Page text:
So, if my plaudits occasionally seem over the top, that’s why; I’m lost in the revelry of the moment. There’s also this, however: I rarely write about things I dislike. If I hear something that doesn’t suit my ears, I tend to set it aside and move on. (Thus, some albums folks may expect me to write about, as I championed the artists in the past, never appear in these pages.) Plus, as my ongoing Essentials and Of Concerts Past series show, much of the music I celebrate is mixed with memories of long ago; it’s easy to get lost in those. Earlier this week, for example, I found myself hummin’ a song from 1962…

…and indulged in some wistful nostalgia. (And, just as an aside, is there a better practitioner of that specific art than Bob Seger?) However, as often as not the music is new – Old Flowers by Courtney Marie Andrews and Free by Natalie Duncan are two examples, while Emma Swift’s Blonde on the Tracks brings the past into the present with panache.

First Aid Kit’s recent rendition of Willie Nelson’s “On the Road Again” does, too, while also making me yearn for a COVID-free future. Concerts are much missed.

The tunes need not be upbeat to steal one away from the immediate; sad songs work as well as happy. Either/or, they just need an oomph, which is near impossible to put into words beyond – to appropriate a phrase from Supreme Court Justice Potter Stewart (1915-85) – I know it when I hear it.

In some respects, I subscribe to Carl Jung’s theory of a collective unconscious, though I’m fairly certain that the collective shattered decades ago into hundreds upon hundreds of shards, some small, some large, akin to ice shelves breaking apart in the Arctic and Antarctica. While some shards have drifted far away, others are close enough together that one can hop between them; thus, whether the intangible oomph connects depends on a combination of chance, when one leaps and where one lands.

Anyway, in the days and weeks ahead, I plan to shift focus away from music and to some of the other stuff I occasionally write about, if only to cleanse the palate of the superlatives I’ve been tossing around. One guaranteed topic: James at 15 (later 16), an interesting – but not great – TV series that aired from 1977 to ’78 on NBC. Another: the documentary Seventeen, which explores the lives of teens in Muncie, Ind., during the early ’80s. I’ve also been thinking about baby boomers, Generation X and the micro-generation that lies between them, Generation Jones, and plan to apply my amateur anthropologist-psychologist training to each. (That’s a joke only James at 15 fans will get.)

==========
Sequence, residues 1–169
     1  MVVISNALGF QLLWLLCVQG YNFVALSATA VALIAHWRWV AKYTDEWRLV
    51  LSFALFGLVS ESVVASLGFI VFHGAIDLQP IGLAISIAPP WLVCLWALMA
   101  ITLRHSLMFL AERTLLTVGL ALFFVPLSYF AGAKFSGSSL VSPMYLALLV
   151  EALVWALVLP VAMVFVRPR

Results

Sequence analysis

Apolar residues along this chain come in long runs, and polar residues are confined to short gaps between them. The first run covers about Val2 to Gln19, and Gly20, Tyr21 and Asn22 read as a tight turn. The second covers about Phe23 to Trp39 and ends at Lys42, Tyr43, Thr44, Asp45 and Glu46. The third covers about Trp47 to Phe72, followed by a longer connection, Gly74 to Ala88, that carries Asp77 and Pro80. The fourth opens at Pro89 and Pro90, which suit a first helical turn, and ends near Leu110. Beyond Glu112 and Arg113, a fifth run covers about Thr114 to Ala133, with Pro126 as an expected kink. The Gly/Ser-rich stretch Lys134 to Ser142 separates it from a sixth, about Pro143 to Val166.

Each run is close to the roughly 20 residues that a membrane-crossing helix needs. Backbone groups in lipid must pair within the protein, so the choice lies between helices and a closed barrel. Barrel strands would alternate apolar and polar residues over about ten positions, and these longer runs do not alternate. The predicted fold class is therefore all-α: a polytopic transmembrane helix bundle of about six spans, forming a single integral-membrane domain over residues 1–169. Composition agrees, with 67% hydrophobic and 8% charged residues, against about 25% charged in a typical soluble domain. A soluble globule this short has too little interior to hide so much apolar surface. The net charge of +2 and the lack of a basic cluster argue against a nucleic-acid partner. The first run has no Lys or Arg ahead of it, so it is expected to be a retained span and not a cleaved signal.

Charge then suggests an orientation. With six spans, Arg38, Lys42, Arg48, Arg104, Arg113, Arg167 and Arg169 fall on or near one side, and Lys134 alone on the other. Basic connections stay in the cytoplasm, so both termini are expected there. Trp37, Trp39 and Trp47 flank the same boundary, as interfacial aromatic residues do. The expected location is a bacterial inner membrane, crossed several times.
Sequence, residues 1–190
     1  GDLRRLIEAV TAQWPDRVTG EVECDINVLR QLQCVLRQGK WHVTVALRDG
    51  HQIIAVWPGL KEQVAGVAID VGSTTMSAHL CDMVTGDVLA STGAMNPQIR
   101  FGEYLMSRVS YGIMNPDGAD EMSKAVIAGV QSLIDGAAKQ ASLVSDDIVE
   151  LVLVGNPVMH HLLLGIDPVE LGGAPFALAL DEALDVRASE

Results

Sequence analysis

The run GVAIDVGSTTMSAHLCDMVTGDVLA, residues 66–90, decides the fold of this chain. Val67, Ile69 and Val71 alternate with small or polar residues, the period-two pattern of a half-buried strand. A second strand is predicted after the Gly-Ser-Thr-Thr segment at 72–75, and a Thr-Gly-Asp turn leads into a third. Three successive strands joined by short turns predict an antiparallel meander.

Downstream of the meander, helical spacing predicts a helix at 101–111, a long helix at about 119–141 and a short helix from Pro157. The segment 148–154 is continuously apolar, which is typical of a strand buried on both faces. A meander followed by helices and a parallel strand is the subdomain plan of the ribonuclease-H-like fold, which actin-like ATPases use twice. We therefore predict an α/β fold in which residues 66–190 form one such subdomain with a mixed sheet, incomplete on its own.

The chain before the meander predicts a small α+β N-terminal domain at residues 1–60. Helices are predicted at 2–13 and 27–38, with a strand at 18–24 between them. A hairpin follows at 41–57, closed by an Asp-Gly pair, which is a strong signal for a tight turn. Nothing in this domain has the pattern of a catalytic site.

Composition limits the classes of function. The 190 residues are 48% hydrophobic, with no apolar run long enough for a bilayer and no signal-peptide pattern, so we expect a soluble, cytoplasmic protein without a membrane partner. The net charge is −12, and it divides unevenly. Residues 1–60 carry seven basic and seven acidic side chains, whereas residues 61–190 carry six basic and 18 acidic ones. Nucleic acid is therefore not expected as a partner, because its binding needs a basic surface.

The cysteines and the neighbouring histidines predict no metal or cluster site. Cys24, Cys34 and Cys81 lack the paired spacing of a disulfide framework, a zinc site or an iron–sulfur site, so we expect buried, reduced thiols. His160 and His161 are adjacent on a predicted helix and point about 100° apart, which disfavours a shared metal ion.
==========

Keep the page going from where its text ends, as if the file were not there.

Stay tuned…

Traditionally speaking, August is the cruelest month, accented by heat, humidity and thunderstorms. This year, however, it’s likely to be no less cruel than the months that preceded it; the Trump virus, aka COVID-19, has seen to that. As way of explanation: I found myself watching a bit of the day’s news last night; the increasing number of COVID-related deaths in the USA – 156,000 and counting – was the headline; experts are expecting exponential growth come fall, with the prospects of a quarter million or more dead by November.

Neil Young’s recasting of the Living With War song “Lookin’ for a Leader” sums up my feelings quite well: “Lookin’ for somebody/with the strength to take it on/keep us safe together/and make this country strong/walkin’ among our people/there’s someone to lead us on/lead a rainbow of colors/in a broken world gone wrong…”

In any event, each day seems the same as the day before, and the day before that, and the day before that, as if Diane and I are trapped in a real-life Droste effect or, perhaps more apropos, Groundhog’s Day. Come 6am, for me, the same events play out in the same order: shower, make coffee, feed the cat, log into work, listen to music, play with the cat, log off of work, retrieve the mail, feed the cat, eat dinner, do the dishes, watch TV, placate the cat, fall into bed…and do it again tomorrow. Weekends aren’t that much different, except I work on the blog.

Yet, despite the sameness of daily existence, some good has percolated through the Internet and/or been delivered to my doorstep: the new Courtney Marie Andrews album, Old Flowers, is catharsis set to song and, as I wrote in my review, one of the best albums I’ve heard in years. Here she is on CBS This Morning performing one of its stellar tracks…

Emma Swift’s Blonde on the Tracks, another recent find, is a delight; Liane La Havas’ self-titled set is wonderful, too; and, released just yesterday, the new Natalie Duncan album, Free, is an old-fashioned stunner. I plan to write about it tomorrow, but for now here’s one of its standout tracks…

Also: The groove machine known as the Stone Foundation has a new album, Is Love Enough?, slated for a September release. The latest teaser track from it, “Deeper Love,” features Paul Weller and is the sonic equivalent to a warm bath. It’s guaranteed to take away the aches of the day…